Explaining a rework & concept…

I was recently asked to work on a concept for [redacted], to show them the potential of a new design and what a fresh perspective can unearth in their current site. The idea behind this was that for the next meeting, the team would have “ammunition”  to potentially drum up new business. Anyway, to cut a long story short, I thought it might help to explain my process. Because this design could potentially be presented, I needed an effective way of getting across my design decisions, as I might not be there to help the team out. Here’s what I did:

Usability & Design Review, Heuristics

Basically what’s right (not much) and what’s wrong with the current design and usability. I wrote a document for the team to review and giver her some designers thoughts. Some basic points which applied to this particular concept were:

  • What does the site do well?
  • Does it accomplish it’s obvious goals of selling the service to a user of the website?
  • Are Call To Action (CTA) and Unique Selling points (USP) obvious to the user?
  • Can important tasks (such as purchasing) be completed quickly and easily?
  • Can I easily get in touch with a human?
  • How easy is it to find relevant information (search)?

Design and experience review/improvements

  • Define a clear USP section
  • Improve font size considerably.
  • Design and implement a mobile landing page with key telephone numbers giving easy access to users who are looking for help. What are mobile users after? I expect quick access to the telephone numbers (for this particular client) and other key contact information. Users may continue to the main site if requested. The current site that loads on the iPhone (for example) is the same as the desktop version.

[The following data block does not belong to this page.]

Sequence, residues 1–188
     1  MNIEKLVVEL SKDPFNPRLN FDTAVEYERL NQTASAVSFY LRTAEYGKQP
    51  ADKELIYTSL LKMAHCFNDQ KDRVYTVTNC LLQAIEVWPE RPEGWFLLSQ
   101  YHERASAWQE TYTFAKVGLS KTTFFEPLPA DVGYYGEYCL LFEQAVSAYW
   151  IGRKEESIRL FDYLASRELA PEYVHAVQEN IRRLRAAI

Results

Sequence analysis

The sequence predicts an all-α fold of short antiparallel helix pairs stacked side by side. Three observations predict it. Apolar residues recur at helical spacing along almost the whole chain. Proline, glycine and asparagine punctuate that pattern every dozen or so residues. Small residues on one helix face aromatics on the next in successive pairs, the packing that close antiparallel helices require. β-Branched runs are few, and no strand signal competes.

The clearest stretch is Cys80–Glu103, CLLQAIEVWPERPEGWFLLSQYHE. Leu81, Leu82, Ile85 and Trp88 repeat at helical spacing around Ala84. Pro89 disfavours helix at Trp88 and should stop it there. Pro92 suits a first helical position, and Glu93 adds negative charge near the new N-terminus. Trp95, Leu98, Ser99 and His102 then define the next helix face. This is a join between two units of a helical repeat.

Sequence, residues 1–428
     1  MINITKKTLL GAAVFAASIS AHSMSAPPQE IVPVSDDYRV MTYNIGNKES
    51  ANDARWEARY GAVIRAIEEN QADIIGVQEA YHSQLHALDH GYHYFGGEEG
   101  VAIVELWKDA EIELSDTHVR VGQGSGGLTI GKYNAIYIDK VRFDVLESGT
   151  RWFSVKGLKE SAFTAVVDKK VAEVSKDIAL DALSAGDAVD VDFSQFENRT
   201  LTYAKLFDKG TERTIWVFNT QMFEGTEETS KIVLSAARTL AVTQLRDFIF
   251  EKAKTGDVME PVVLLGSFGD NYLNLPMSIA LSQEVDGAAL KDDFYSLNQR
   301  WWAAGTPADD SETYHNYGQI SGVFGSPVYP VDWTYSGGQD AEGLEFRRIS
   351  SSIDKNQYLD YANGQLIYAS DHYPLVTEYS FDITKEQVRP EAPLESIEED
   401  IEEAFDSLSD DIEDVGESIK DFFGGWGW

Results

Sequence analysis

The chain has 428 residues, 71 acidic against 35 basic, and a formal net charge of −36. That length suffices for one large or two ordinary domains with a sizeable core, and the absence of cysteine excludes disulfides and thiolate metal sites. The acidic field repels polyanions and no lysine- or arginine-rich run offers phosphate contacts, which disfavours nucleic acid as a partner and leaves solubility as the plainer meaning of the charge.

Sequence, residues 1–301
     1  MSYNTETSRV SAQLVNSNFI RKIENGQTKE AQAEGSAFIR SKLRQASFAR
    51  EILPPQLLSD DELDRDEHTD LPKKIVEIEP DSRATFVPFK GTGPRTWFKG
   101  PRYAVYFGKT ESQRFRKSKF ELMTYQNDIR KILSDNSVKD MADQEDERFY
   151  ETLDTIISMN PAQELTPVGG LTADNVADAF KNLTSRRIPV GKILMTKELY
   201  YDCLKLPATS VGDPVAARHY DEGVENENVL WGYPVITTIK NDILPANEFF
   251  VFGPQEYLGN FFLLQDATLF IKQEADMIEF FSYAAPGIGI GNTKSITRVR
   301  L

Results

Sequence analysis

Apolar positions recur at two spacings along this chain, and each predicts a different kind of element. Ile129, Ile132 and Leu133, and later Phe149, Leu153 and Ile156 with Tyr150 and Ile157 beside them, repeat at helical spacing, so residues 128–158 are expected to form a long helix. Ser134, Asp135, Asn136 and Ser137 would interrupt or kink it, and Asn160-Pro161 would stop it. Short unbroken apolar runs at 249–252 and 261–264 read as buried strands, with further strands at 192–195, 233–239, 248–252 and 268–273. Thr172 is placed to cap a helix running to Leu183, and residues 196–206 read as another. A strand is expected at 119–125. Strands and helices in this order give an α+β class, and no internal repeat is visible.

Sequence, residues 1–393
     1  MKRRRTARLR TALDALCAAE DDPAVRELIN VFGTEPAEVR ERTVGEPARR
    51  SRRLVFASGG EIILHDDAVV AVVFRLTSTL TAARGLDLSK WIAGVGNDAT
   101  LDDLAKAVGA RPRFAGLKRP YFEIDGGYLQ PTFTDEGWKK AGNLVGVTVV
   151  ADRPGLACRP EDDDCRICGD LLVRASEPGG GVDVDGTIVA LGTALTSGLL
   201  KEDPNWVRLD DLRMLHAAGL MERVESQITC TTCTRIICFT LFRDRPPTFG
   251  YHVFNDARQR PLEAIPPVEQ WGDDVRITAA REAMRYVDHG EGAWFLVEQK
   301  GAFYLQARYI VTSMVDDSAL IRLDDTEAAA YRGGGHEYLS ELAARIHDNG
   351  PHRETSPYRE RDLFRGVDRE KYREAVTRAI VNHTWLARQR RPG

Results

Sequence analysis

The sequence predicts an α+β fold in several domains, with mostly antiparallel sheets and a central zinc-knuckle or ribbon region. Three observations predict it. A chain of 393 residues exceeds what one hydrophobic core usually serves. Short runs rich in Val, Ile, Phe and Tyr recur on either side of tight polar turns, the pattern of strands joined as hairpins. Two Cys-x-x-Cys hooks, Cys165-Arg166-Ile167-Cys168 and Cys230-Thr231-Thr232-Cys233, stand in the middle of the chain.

• Implement news and press releases onto the homepage so we can make the brand feel alive and active.

Concept time!

For this particular concept, I decided to implement an annotation idea I had when I was researching at university. People react better to notes directly on an item as it helps them correlate the information, with the actual element on the diagram. A similar idea to PDF comments but more elaborate and prettier. I wanted to get across my design decisions to both the person/team pitching the redesign in addition to helping myself remember myself if/when I came back to the visual design weeks from now.

Using visual queues on a design can help clients understand your thought process. Seeing these directly on the design can help.

You can see from the screenshot above arrows and text directly on the design (with a dark faded overlay to make text easier to read). This illustrates a little personality so if I couldn’t explain the decisions myself, it would look like care and attention has been spent on the design. Not many people understand the intelligence and thought that goes into a design. It’s more than just pretty graphics (sometimes)…

Tried to keep it short and sweet.